This problem arises in synchronization of arrays (ordered sets) of objects.
Specifically, consider an array of items, synchronized to another computer. The user moves one or more objects, thus reordering the array, behind my back. When my program wakes up, I see the new order, and I know the old order. I must transmit the changes to the other computer, reproducing the new order there. Here's an example:
index 0 1 2 old order A B C new order C A B
Define a move as moving a given object to a given new index. The problem is to express the reordering by transmitting a minimum number of moves across a communication link, such that the other end can infer the remaining moves by taking the unmoved objects in the old order and moving them into as-yet unused indexes in the new order, starting with the lowest index and going up. This method of transmission would be very efficient in cases where a small number of objects are moved within a large array, displacing a large number of objects.
Hang on. Let's continue the example. We have
CANDIDATE 1 Move A to index 1 Move B to index 2 Infer moving C to index 0 (the only place it can go)
Note that the first two moves are required to be transmitted. If we don't transmit Move B to index 2, B will be inferred to index 0, and we'll end up with B A C, which is wrong. We need to transmit two moves. Let's see if we can do better…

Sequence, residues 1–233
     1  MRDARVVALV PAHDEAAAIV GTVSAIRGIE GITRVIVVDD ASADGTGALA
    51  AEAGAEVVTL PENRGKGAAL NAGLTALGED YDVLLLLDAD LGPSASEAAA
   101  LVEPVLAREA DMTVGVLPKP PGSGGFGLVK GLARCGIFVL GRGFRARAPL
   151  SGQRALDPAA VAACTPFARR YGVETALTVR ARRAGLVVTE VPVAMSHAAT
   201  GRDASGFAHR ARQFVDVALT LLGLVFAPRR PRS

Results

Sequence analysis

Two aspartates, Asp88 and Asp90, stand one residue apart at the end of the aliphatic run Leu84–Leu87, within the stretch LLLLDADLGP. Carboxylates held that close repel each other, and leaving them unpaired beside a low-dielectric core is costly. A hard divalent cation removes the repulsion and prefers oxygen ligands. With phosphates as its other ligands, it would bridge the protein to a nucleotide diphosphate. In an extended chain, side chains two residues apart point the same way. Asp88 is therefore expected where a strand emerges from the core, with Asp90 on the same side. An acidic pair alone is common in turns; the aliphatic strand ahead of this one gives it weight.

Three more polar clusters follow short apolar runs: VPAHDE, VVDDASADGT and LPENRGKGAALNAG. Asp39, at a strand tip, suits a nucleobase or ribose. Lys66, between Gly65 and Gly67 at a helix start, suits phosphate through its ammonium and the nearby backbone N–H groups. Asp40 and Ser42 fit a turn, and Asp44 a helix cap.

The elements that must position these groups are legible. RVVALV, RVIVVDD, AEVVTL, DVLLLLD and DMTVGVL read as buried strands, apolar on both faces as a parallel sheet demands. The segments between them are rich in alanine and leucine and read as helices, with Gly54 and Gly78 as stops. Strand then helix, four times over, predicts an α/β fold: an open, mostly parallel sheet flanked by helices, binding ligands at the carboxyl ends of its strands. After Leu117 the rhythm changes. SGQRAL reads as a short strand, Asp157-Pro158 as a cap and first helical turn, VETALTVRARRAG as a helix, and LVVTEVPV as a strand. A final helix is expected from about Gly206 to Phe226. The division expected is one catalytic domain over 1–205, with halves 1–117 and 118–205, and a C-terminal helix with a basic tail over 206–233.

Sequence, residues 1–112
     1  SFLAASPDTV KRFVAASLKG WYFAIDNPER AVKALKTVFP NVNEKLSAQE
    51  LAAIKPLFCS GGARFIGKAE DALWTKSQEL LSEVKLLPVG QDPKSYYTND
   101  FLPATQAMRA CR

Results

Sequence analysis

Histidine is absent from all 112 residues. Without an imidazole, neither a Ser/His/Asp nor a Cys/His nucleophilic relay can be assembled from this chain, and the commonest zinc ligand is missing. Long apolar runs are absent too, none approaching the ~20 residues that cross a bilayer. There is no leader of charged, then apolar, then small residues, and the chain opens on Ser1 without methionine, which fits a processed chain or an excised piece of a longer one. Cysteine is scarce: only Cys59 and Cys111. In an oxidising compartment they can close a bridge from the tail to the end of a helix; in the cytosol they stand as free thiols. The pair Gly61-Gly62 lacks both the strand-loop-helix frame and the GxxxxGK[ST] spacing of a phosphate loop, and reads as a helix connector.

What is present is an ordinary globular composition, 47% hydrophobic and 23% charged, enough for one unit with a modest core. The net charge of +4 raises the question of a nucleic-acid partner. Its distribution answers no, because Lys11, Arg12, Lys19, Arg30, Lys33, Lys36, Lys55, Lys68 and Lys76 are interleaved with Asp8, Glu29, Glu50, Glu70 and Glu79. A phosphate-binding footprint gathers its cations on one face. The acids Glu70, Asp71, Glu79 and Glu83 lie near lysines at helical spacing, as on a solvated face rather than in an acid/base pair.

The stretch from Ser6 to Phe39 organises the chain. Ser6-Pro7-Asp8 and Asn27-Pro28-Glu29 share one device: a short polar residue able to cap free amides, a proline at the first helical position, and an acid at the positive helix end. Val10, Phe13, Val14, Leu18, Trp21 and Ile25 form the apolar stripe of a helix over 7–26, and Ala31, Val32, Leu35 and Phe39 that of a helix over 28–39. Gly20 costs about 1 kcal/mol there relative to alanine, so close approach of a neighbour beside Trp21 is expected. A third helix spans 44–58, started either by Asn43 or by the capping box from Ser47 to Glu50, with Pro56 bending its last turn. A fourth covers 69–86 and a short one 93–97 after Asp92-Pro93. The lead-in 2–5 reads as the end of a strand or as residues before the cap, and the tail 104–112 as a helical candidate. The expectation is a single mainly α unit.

CANDIDATE 2 Move C to index 0 Infer moving A to index 1 (the first available index) Infer moving B to index 2 (the next available index)
In this case, we get the correct answer, C A B, transmitting only one move, Move C to index 0. Candidate 2 is therefore better than Candidate 1. There are four more candidates, but since it's obvious that at least one move is needed to do anything, we can stop now and declare Candidate 2 to be the winner.
I think I can do this by brute forcibly trying all possible candidates, but for an array of N items there are N! (N factorial) possible candidates, and even if I am smart enough to truncate unnecessary searches as in the example, things might still get pretty costly in a typical array which may contain hundreds of objects.
The solution of just transmitting the whole order is not acceptable, because, for compatibility, I need to emulate the transmissions of another program.
If someone could just write down the answer that would be great, but advice to go read Chapter N of computer science textbook XXX would be quite acceptable. I don't know those books because, I'm, hey, only an electrical engineer.